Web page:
I live in Washington State, which means I do not pay state income tax, and it also means that my 20 percent savings plan may be a little different from what you’ll need to save for your own estimated taxes. Talk to your own CPA to find out what’s right for you, and ask your CPA how you can plan ahead for income variations throughout the year.

It looks like April will be pretty similar to March, work-wise. I have a slate of great clients and a bunch of work already scheduled — and I’ve definitely hit the goal I set at the beginning of this year of earning at least $5,000 per month. So now I’m wondering: How long should I ride this wave before setting myself a new goal?

How many hours a day do you spend writing? And how much money do you set aside as a freelancer for your estimated taxes?

Want to learn how Nicole has come this far in her freelance career? Check out her past income reports for The Write Life:

Filed Under: Freelancing
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29 comments

  • Nicole, thanks for sharing this information. I appreciate your transparency, as it helps me to imagine myself freelancing full-time. This scenario is similar to what I imagined my workload might be like, and I’m excited to give it a try. Currently I am a landscape designer working from my home office, so my time is divided. I spend a lot of time studying freelancing and learning from various sites. Thanks for validating that time spent reading is work, too. I think we do need to keep abreast of what is out there, as well as find inspiration. Social media is important, too, as it is a form of networking. Here’s to setting new goals!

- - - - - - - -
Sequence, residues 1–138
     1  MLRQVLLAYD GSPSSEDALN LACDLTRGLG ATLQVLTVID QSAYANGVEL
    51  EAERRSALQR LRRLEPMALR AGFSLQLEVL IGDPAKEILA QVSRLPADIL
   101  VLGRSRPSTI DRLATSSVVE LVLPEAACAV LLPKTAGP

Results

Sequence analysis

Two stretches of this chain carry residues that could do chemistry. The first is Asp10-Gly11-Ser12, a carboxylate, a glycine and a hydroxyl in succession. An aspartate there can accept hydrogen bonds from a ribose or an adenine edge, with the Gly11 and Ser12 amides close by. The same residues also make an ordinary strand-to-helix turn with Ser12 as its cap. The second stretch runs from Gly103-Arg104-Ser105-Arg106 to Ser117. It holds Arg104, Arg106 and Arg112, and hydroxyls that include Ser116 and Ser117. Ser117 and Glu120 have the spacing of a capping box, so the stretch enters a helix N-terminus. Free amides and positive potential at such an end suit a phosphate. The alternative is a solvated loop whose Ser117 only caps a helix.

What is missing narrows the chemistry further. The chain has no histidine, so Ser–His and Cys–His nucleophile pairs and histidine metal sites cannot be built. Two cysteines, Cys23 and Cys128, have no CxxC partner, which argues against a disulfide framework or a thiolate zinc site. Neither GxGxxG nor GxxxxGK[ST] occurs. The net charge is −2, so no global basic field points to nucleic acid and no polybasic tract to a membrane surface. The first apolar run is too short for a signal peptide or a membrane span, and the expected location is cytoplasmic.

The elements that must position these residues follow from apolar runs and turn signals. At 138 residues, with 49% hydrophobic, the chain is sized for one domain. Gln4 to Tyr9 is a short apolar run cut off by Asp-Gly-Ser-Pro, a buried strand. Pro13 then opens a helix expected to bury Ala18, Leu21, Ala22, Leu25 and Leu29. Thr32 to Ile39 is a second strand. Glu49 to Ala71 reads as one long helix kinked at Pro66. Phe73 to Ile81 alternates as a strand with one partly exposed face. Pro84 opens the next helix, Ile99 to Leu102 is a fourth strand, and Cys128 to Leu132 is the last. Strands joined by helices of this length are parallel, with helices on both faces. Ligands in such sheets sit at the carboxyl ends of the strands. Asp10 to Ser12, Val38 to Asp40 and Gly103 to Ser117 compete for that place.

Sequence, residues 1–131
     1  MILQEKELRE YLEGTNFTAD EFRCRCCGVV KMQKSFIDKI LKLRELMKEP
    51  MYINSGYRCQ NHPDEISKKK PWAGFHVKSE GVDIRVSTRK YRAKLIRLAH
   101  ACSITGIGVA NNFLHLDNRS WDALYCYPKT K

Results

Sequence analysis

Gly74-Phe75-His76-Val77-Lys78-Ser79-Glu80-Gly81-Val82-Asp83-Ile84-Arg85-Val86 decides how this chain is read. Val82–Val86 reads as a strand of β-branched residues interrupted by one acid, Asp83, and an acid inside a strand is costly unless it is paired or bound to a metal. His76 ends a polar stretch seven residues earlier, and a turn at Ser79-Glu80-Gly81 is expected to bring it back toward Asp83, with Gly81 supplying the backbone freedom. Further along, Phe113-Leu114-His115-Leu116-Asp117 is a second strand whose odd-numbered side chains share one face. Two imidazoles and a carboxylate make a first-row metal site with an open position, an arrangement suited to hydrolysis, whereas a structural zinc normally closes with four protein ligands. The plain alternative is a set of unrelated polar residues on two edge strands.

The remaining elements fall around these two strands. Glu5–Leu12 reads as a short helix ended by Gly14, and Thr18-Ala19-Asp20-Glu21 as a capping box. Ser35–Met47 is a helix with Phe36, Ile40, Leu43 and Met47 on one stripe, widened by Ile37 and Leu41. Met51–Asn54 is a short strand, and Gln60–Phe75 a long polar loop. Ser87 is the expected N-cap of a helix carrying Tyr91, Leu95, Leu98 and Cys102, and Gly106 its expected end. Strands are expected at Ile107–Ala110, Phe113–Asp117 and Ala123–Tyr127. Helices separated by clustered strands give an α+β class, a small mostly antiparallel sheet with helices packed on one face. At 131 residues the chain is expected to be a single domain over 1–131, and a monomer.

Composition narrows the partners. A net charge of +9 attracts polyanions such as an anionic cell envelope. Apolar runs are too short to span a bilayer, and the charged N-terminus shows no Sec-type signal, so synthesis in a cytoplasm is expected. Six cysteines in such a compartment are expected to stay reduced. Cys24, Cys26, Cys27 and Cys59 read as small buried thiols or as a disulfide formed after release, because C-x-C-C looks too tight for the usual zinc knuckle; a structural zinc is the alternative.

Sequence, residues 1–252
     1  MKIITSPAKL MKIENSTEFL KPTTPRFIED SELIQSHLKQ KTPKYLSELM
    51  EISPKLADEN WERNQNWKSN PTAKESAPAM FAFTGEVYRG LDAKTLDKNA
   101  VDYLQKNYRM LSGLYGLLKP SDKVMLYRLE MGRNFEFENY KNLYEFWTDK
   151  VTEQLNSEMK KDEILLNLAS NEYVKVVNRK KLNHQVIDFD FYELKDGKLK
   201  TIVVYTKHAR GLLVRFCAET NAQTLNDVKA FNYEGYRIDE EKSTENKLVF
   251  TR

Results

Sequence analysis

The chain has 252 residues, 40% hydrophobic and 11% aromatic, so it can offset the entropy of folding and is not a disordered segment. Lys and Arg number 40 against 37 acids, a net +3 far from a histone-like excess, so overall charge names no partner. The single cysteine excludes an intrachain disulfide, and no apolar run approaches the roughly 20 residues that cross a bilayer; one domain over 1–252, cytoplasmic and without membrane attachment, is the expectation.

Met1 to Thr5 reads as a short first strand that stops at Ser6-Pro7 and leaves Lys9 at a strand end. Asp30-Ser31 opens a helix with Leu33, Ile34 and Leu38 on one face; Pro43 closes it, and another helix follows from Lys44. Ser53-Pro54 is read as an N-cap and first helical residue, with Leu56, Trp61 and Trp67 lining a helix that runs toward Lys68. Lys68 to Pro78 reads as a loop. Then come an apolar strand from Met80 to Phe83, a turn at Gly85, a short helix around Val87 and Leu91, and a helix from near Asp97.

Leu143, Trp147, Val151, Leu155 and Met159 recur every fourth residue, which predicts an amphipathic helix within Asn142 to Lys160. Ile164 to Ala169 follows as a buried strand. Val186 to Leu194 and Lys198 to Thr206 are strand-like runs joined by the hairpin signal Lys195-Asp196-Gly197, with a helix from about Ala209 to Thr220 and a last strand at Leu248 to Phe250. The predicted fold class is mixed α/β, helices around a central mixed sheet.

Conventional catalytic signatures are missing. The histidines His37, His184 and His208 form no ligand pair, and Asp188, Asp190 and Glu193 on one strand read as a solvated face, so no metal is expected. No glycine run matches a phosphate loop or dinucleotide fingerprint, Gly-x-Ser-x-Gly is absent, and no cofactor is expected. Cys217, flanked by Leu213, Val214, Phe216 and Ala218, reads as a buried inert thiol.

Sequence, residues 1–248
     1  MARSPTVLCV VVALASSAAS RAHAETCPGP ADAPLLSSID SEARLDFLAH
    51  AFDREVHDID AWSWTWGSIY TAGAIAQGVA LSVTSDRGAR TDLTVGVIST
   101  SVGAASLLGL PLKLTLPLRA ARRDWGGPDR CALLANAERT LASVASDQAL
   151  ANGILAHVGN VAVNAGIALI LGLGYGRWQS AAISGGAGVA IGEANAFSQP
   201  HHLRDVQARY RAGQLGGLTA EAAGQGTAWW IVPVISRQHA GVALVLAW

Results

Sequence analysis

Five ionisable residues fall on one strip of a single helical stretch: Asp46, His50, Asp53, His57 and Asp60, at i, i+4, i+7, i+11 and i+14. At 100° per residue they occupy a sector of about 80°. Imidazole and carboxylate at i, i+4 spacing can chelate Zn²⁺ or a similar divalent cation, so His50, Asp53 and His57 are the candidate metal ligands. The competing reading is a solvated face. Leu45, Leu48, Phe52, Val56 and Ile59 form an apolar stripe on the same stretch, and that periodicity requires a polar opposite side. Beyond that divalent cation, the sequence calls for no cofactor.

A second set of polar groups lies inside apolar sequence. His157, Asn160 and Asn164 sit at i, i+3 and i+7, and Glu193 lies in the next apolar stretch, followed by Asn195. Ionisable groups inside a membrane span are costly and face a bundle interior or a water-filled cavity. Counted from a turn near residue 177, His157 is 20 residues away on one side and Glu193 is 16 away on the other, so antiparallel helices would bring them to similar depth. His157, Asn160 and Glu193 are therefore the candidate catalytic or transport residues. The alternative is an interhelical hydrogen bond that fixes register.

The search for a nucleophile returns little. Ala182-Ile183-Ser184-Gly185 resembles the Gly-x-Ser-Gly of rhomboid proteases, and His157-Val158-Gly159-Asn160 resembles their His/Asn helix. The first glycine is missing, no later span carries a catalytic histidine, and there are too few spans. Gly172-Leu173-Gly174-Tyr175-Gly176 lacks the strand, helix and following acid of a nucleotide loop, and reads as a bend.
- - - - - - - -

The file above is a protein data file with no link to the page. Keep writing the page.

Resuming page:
• Sarah says:

    Thanks for sharing these reports, Nicole!! They are so helpful!

    I currently work between 3-5 hours per day. Today, for example, I worked from 9-11am, picked up my girls from daycare, got them down for a nap and worked again from 12:30-1:30. I wrote three articles during that time plus did emails and some stuff on social media. I might write one more article tonight, but it’s not due for a week so there’s no rush 🙂

    Right now, I consider myself a part-time freelancer. My income has been hovering around $1200 the past few months but this month will be closer to $2800!! (A record for me!!) My goal for now is to make $2500-$3000 per month…I don’t know if I could make more than that since I have two little ones at home with me most of the time.

    Awesome job with surpassing your goal of $5K a month!! I say ride it out until a great opportunity comes your way! 🙂

    – Sarah http://www.thefrugalmillionaireblog.com

  • Congrats on hitting your goal! $5000 a month is awesome!

    Personally, though, I could never commit to spending that much time working. I’m a part-time freelancer working from home with my baby. I average 15 – 20 hour workweeks, and I’d say only 10 – 12 of those hours are spent writing. The rest is email, admin, research, connecting with sources, etc. I’m consistently hitting more than $2000/month.

    I’d love to earn more, but even if I didn’t have the baby, I’d never be ok with working 50 hours a week. That defeats the point of freelancing for me since the main appeal, as far as I’m concerned, is the freedom of working for yourself. (I’m a lenient “boss” who likes taking lots of vacations, 3-day weekends, and midday breaks.) Since I’m at capacity with writing work but would still like to increase my earnings, my current focus is on creating passive income and monetizing my blog.

    Thanks for sharing the income reports! It’s always good to see what other freelancers are doing.

    • Nicole says:

      $2000/month for 20 hour workweeks is great! That’s roughly what I’m earning, just I put in more hours. Right? 🙂

      Also, passive income is awesome.

  • Laurie says:

    Nicole, I am terribly impressed with your productivity (number of articles) and the sheer number of words you are creating! You are sure beating me out on that score! I’m also impressed with your willingness to be open about your income.